The libraries are organized as the usual QuantLib shared object library and a Fortran shared object library that contains the differentiated code for the numerical cores. The minimal example library is called simplelibad (simple lib ad). An application will then typcially be an usual C++ program linking against QuantLib and the new ad library.

You can find the example code here. It comes with a make file that by default builds a differentiated version of the library functions. You can also run the target plain to build only the original functions without AD, which seems useful for testing the ported code against the original one before doing anything fancy.

Actually only one function is provided in our simplelib wich computes a discount factor from a given continuously compounded zero yield and a day count fraction. The coding looks as follows (sorry, no syntax highlighting)

subroutine discount(zeroyield, dcf, df)
implicit none
double precision:: zeroyield, dcf, df
!$openad INDEPENDENT(zeroyield) df = exp(-zeroyield * dcf) !$openad DEPENDENT(df)
end subroutine discount


To keep the interface simple no return parameters are present, the result is written to the last input parameter instead.

There are two OpenAD – specific lines starting with !\$openad which declare the active variables. The make file invokes a wrapper script openad that is shipped with OpenAD as a simple driver for the actual tools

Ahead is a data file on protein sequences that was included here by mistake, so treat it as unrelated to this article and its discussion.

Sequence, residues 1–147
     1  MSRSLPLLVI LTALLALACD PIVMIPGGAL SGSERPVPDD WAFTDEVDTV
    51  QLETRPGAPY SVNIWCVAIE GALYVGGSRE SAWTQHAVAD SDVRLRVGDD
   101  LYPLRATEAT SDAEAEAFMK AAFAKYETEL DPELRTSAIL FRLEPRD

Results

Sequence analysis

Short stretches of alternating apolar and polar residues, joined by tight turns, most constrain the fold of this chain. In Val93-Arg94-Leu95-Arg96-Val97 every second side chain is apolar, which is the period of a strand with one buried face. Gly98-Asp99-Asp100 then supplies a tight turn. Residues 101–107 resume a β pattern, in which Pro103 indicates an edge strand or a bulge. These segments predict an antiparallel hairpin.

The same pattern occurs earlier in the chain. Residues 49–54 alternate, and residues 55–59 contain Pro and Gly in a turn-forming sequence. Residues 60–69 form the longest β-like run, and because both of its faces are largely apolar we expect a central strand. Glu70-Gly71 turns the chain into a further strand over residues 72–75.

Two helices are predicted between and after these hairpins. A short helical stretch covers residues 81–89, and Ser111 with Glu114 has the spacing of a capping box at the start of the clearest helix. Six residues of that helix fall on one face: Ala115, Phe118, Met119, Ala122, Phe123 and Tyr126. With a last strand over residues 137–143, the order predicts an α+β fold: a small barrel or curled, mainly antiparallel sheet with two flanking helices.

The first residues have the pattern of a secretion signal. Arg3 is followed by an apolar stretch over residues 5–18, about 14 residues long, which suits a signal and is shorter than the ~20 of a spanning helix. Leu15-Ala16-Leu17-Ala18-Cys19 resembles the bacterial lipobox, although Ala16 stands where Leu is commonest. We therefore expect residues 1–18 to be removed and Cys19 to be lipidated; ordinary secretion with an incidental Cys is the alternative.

openad -c -m f simplelib.f90


This produces the differntiated version of the above code. The option -m f sets the mode to forward. The resulting code is then compiled into an object file

gfortran -g -O3 -o simplelib.pre.xb.x2w.w2f.post.o -c simplelib.pre.xb.x2w.w2f.post.f90 -fpic


The same is done with some additional runtime support files provided by OpenAD

gfortran -g -O3 -o w2f__types.o -c w2f__types.f90 -fpic


Finally we need a driver that acts as the interface to QuantLib later on

subroutine discount_ad(zeroyield, dcf, df, ddf)
implicit none
external discount
double precision:: zeroyield, dcf, df, ddf
df = res%v
ddf = res%d


This returns the derivative together with the original result of the computation and does nothing more than invoking the differentiated code. We compile the driver as well

gfortran -g -O3 -o driver_simplelib.o -c driver_simplelib.f90 -fpic


and then everything is linked into a shared object library simplelibad